Tonight I went to see I Am Thomas at the Lyceum Theatre, Edinburgh. Writen by Told by and Idiot with song lyrics by Simon Armitage. The play is about Thomas Aitkenhead, the last person in Britain to be executed for blasphemy. Aitkenhead was indicted in 1696 and hung in 1697.
I was looking forward to this play as the 1600s in Scotland is one of my favourite historical periods. It was bloody and brutal, both physically and psychologically. It was characterised by extreams, fanaticism, inflexibility and religion. One of my direct ancestors was executed without trial as a terrorist during this period. But I have more than a distant genetic connection to the Killing Times and surrounding troubles. I believe that it is this period that did the most to shape the Scottish psyche and character, it probably really was the worst of Scotland. Having grown-up with strict fanatical Presbyterian/Calvinist parents it has also in many ways shaped and informed who I am. It is a period rich with drama, conflict and many intriguing characters – all of which can illuminate and tell us something about the state of Scotland today.
Thomas Aitkenhead, only 19 when he committed his crime, was also judged by the older, more experienced Lord Advocate, James Stewart. Stewart himself had been a political rebel in his youth, having to flee Scotland for Europe to escape arrest for writing a political pamphlet. It could be expected that the interplay between these two men, as well as Thomas’s own journey from believer to doubter would prove fertile ground for dramatic tension.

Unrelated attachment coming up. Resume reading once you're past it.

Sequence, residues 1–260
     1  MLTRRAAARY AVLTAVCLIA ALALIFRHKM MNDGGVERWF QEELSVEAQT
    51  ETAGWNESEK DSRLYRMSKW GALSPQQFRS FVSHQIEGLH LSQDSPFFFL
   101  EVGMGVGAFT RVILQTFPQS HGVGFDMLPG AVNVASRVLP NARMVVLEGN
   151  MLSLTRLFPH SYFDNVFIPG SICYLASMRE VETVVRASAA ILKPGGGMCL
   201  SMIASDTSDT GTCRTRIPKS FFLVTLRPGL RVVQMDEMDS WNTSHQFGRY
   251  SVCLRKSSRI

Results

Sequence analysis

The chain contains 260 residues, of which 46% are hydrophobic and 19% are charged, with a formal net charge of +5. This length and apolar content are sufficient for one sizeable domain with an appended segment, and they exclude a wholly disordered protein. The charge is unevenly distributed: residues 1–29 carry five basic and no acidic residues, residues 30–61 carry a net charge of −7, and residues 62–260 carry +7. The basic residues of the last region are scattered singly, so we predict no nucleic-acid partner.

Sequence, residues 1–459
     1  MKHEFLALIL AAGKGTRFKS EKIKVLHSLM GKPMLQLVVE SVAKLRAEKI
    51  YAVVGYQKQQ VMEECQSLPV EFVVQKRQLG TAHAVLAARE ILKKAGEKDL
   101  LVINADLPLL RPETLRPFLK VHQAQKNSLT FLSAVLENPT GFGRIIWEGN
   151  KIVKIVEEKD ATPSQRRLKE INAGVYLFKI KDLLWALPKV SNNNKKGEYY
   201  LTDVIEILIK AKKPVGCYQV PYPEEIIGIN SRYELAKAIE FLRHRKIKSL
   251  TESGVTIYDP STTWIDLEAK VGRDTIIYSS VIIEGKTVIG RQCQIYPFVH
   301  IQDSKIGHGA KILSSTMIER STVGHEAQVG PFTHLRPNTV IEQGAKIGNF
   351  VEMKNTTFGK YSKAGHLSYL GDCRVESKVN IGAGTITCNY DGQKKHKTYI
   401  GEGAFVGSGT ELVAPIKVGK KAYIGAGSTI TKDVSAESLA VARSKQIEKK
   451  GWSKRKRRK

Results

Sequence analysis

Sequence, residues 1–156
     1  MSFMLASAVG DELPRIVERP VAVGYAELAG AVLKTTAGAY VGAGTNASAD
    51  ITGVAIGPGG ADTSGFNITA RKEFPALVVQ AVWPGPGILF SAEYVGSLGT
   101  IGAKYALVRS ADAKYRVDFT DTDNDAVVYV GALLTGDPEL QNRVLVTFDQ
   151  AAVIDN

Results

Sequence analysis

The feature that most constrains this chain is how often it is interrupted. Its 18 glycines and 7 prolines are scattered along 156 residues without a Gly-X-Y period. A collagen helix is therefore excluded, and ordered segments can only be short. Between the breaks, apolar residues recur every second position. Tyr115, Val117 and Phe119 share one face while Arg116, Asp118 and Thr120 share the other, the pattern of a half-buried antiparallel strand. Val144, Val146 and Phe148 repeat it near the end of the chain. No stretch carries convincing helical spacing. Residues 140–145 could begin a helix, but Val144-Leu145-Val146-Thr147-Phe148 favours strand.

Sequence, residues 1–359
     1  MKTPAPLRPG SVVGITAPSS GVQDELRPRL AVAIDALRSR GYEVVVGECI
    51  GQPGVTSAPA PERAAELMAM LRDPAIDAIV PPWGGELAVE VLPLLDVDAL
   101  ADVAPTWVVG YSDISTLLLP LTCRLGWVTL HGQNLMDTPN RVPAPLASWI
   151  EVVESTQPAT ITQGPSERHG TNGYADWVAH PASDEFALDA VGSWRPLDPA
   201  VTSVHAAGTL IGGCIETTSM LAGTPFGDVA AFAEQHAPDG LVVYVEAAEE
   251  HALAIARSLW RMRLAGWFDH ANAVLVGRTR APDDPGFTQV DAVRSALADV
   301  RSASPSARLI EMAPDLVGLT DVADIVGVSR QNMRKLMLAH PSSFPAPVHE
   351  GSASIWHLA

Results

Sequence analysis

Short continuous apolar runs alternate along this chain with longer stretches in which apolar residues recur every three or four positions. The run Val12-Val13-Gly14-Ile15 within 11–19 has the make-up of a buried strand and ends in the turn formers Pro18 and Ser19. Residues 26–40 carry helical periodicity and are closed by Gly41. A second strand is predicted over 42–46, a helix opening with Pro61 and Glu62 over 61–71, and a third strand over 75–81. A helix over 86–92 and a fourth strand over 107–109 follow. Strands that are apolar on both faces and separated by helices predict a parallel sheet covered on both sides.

I Am Thomas however failed to live up to the promise of conflict and character this story could so richly mine. There were confusing time lines, in which it appears Thomas commits his blasphemy at an open mic in 1970s? Stewart, an interesting figure himself, is given the historically inaccurate background of being husband and son to the Wigtown martyrs. Instead of gaining knowledge and insight into historical events we watch Stewart’s fake family drown twice, and the most underwhelming courtroom scene that I believe has ever existed.
The play is also littered with lazy cultural references, some of which make no sense or bare little relation to action on stage. Stage action is explained poorly by the hackneyed technique of football punditry and scattered through with vague references to Scottish kitsch. Given the kitsch bares no relation to the historical event one has to wonder if it is a way of signposting “This is happening in Scotland. It’s very Scottish you know. It’s Scotland, by the way.”
The point at the end “I am Thomas” i.e. we are all Thomas, was overly laboured and lacked any subtlety. The audience were bludgeoned over the head with it to the point of boredom. An act that was then followed by the mildly offensive statement “Je suis Thomas”. It is a shame when a play does not assume its audience are intelligent enough to draw their own conclusions, and instead seeks to control their approach entirely.
While attention had been given to try and present this story in a fresh and innovative way it was undermined by immaturity and lack of development. The actors themselves delivered fine performances, and special mention has to go to John Pfumojena who has truly one of the most sublime voices I have ever heard.